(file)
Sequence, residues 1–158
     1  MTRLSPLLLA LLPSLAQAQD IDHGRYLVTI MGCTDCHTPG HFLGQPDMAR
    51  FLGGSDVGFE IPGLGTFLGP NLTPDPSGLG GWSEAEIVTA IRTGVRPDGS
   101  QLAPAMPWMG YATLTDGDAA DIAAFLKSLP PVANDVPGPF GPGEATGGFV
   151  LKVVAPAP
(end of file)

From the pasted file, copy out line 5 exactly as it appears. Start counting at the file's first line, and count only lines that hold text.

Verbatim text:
   151  LKVVAPAP